Jesus entered Jericho and was passing through. -Lk 19:1
Take a hike down the Bright Angel Trail of the south rim of the Grand Canyon and you’ll see, plainly spread out like the layers of a gigantic Dagwood sandwich, epoch after epoch of earth’s geologic history recorded in rock strata. By the time you reach the floor of the canyon, you’re deep into the Pre-Cambrian period over 600 million years ago.
What the Grand Canyon is to geology, Jericho is to urban settlement, for it’s the oldest continuously inhabited city in the world. Situated a mile northwest of the modern city center is Tell es-Sultan, a one-acre, 70-foot high mound (tell means mound in both Hebrew and Arabic) formed of layers of debris from twenty-three ancient civilizations going back to the Stone Age. Discoveries here include the earliest known urban fortifications: stone walls and a tower, repeatedly rebuilt, revealing a prolonged history of conflict. There is evidence that the city was completely destroyed at a time corresponding to the Israelite invasion when “Joshua fit the battle of Jericho and the walls came a-tumblin’ down.”
One of Jesus’ best-known parables begins, “A man was going down from Jerusalem to Jericho…” (Lk 10:) “Down from” and “up to” are appropriate phrases to describe the sixteen miles of road between Jerusalem and Jericho. For Jericho is not only the world’s oldest city but the lowest, at 850 feet below sea level, while Jerusalem sits 2500 feet above. Psalms 120-134 are known as the “Songs of Ascent” because pilgrims sang them on their way up to the great festivals in Jerusalem. Jesus would have walked this road many times, as Jericho lay on the normal route from Galilee (though occasionally He went through Samaria instead). The parable of the Good Samaritan describes a man who fell afoul of robbers on this road, which even today traverses a dangerous wilderness populated only by scattered pockets of Bedouins.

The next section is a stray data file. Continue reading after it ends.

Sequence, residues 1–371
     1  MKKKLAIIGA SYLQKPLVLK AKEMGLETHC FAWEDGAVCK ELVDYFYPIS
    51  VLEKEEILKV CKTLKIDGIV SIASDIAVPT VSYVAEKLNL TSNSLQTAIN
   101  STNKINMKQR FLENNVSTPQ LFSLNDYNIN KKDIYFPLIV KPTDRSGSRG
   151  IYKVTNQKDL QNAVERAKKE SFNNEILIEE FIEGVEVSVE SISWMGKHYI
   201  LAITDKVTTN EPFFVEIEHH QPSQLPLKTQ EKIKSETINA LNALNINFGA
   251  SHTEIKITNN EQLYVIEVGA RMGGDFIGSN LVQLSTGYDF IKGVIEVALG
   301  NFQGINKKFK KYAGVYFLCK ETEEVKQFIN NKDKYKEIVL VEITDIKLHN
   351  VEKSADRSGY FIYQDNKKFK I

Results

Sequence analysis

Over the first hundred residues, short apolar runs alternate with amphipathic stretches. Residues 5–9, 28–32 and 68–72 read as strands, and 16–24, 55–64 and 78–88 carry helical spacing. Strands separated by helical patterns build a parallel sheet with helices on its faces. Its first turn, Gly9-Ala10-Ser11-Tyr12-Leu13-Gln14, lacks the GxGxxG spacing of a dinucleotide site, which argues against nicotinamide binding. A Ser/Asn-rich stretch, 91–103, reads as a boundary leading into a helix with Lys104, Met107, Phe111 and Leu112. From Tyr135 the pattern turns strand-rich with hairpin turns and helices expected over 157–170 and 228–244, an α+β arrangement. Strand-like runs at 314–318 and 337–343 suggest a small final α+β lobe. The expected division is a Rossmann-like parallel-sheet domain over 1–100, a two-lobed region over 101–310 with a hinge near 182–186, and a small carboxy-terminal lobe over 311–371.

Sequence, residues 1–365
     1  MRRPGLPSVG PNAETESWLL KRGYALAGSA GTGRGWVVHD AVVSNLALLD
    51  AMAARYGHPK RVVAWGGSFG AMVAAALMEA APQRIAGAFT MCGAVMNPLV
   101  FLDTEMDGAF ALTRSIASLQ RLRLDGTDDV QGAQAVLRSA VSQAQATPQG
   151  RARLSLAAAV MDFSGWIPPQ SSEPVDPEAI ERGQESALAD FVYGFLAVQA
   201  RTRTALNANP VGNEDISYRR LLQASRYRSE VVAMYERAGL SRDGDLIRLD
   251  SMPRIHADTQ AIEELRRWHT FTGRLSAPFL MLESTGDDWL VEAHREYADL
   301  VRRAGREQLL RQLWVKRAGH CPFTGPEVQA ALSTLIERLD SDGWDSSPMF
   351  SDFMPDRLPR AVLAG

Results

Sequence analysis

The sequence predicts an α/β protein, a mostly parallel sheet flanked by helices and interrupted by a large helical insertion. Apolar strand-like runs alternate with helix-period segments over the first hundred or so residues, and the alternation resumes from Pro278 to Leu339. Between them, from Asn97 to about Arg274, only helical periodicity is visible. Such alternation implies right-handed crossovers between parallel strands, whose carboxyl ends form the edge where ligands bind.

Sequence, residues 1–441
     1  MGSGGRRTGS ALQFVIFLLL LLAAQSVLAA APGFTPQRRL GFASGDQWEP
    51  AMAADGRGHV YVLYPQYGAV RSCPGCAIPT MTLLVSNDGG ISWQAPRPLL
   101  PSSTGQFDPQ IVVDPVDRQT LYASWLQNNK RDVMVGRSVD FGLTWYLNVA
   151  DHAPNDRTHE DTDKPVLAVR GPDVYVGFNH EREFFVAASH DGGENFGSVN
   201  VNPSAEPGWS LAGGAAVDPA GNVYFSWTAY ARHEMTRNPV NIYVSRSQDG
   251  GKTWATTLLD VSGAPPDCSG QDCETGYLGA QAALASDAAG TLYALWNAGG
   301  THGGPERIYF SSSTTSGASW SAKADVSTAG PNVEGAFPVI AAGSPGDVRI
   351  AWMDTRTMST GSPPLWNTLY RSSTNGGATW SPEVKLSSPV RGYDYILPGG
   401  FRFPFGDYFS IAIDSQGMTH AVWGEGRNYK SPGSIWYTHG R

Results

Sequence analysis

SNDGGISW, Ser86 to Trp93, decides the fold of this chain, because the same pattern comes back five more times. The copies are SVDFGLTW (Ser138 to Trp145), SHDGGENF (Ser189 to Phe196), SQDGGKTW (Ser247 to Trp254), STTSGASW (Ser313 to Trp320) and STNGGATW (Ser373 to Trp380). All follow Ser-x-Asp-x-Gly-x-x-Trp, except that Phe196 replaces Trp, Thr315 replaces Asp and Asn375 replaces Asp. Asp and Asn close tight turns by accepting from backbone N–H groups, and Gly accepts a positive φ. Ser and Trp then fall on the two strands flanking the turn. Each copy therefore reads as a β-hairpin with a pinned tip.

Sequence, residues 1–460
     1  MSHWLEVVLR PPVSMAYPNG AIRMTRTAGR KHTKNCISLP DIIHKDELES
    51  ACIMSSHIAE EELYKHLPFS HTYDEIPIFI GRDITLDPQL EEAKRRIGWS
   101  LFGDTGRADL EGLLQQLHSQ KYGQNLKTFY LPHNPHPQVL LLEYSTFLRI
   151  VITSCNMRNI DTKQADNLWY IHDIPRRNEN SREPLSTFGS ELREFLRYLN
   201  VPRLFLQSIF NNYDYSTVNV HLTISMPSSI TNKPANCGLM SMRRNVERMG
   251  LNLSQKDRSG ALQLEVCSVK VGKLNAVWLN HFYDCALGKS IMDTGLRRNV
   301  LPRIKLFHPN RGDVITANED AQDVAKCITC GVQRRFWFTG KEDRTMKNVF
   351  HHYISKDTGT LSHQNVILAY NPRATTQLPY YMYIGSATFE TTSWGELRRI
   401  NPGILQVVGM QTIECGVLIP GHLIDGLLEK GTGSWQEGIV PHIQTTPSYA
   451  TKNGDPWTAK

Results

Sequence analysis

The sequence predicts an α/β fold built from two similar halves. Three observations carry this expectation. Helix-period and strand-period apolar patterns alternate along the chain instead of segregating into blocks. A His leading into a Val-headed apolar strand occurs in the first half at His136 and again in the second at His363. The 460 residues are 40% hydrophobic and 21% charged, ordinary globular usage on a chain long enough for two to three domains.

In Jericho Jesus healed a blind man and, just as astoundingly, won the heart of the chief tax collector Zacchaeus. Today one can still see the tree that the little man climbed in order to view the famous rabbi as He passed by. No doubt this is not the same tree, but it may well be planted in the same place, for the fact that Luke specifically identifies it as a “sycamore-fig” (19:4) strongly suggests a local tradition enshrining this very tree. It was, after all, a cause célèbre, having inspired a spontaneous, radical change in one of the city’s wealthiest and most notorious citizens.
Seeing such miracles performed in Jericho, the first city that the Israelites had conquered in the Promised Land, it was no wonder “the people thought that the kingdom of God was going to appear at once” (Lk 19:11). Jericho had a special significance even for Jesus, who had appeared here to Joshua some 1300 years before, announcing Himself as “the commander of the Lord’s army” (Jos 5:13-15). As the scene of this dramatic theophany, where the walls had marvelously fallen down, Jericho was of great spiritual and strategic significance, strongly evoking the prophecy of the Messiah who would lead His people to victory and establish the kingdom of God.
A final note: Jericho had grown up around a perennial spring, but in Elisha’s day the water was bad. The prophet threw a bowl of salt into the spring, prophesying that “never again will it cause death.” Miraculously sweetened, the water “has remained wholesome to this day” (2 Ki 2:21-2). Now crowned with a beautiful fountain, that spring remains a potent sign of the true kingdom of God that transforms, not by military force, but by the salty sweetness of the gospel.
Photo © Adrian Fengler
Next Week: Lazarus